• Brand
  • Model

You can search nationwide or limit yourself to your local zip code!

Their estimates are partially based on analysis of list and/or sale prices from the thousands of RVs being sold at RVTrader.com

If you want to attempt to calculate your camper or motorhome’s Fair Market Value yourself, you’ll need to understand the following.

What Do Dealers Pay?

Fair market value for a new RV can be roughly derived by adding an acceptable margin of profit to the dealer’s invoice price (aka wholesale price).

You see, a dealer purchases the RV from the OEM at the invoice price and resells it to you, the customer, for an upcharge as the retailer and service provider.

The manufacturer often provides an Manufacturer’s Suggested Retail Price (MRSP). The dealer will typically sell at or below this amount at a discount.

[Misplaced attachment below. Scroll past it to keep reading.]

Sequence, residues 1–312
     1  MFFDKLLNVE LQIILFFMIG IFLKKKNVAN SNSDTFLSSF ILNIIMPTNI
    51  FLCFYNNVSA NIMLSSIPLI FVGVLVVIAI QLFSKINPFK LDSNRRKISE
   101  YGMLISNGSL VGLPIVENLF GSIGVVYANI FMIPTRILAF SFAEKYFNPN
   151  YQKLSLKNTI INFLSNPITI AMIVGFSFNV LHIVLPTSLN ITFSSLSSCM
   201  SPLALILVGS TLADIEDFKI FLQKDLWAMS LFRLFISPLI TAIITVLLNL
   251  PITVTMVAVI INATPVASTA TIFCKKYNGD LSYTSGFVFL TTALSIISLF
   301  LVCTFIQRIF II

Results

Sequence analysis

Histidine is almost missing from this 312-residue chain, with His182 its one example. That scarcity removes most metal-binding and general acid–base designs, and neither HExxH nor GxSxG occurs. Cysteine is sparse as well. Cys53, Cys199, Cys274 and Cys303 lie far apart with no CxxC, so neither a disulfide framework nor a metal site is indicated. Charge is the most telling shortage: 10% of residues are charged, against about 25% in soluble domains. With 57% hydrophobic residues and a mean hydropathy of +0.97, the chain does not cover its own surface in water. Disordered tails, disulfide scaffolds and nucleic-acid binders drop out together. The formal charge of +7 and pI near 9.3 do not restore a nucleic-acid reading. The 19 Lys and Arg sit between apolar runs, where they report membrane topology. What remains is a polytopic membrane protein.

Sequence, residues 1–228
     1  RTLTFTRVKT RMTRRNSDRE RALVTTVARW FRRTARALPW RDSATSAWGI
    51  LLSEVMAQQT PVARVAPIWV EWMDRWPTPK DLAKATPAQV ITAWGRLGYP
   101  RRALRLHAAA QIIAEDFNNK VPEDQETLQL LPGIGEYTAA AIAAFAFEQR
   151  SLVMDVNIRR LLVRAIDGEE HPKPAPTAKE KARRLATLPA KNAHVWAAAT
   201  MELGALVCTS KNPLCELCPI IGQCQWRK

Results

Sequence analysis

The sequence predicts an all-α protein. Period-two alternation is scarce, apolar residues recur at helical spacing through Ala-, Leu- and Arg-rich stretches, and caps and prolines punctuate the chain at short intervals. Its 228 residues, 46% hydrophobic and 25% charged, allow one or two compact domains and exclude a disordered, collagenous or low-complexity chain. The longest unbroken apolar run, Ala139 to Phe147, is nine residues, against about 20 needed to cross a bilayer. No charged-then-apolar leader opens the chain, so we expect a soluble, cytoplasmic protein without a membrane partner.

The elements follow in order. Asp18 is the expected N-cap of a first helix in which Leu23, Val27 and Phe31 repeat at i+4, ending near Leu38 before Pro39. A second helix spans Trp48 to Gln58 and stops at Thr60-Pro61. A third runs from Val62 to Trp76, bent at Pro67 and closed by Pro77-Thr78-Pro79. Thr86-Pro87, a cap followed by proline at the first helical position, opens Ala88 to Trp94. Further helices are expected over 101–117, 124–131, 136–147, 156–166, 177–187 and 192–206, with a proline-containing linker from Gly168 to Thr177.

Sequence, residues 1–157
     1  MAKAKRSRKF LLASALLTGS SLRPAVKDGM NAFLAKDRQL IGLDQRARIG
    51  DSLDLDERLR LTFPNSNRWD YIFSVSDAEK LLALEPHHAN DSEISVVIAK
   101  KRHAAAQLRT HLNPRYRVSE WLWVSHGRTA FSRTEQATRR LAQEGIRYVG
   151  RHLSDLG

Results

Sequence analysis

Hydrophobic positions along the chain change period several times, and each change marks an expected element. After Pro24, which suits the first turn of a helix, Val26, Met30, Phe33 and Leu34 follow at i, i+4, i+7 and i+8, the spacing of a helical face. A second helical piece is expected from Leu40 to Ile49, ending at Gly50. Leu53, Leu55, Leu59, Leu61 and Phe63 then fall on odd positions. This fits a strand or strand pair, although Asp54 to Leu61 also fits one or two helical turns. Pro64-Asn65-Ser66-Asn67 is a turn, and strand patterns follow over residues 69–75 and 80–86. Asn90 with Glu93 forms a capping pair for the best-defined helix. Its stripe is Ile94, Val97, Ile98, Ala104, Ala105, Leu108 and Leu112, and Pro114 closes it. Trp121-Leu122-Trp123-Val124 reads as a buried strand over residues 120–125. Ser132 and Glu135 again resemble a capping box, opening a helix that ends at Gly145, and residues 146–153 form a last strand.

Sometimes, you can find the MSRP of your RV by visiting our RV Manufacturers List, finding your manufacturer, and then clicking through to their site. 

But some OEMs simply do not post their MSRPs online.

And many RV manufacturers and dealers leverage MSRP values to create forced scarcity and false discounts. MRSP values are intentionally set higher than what the market will bear. Dealers can then sell the unit at “15% off – July only!” and still make their normal profit.

Typical dealer markup ranges from 20-40% of the invoice price.

Ballpark Estimate

To calculate a Fair Market Value estimate, follow these steps:

  1. Obtain an MSRP approximation from NADA, your dealer, or another trustworthy source.
  2. Multiply this number by 0.85.

Example: $36,544 MSRP x 0.85 = $31,062 FMV.

Do not pay more than this number!

Sadly, there is no hard-and-fast rule for calculating an exact markup margin.

For instance, some smaller trailers have 40% markups because the amount of time it takes the dealership to process the sale for a $15,000 13-ft mini travel trailer is the same as to process a $120,000 luxury fifth-wheel.

Margins vary with market conditions. With supply is low and demand is high, such as during the COVID-19 pandemic, markups are sky-high.

When the travel industry crashed after the Great Recession of 2009, markups took a nose-dive as well.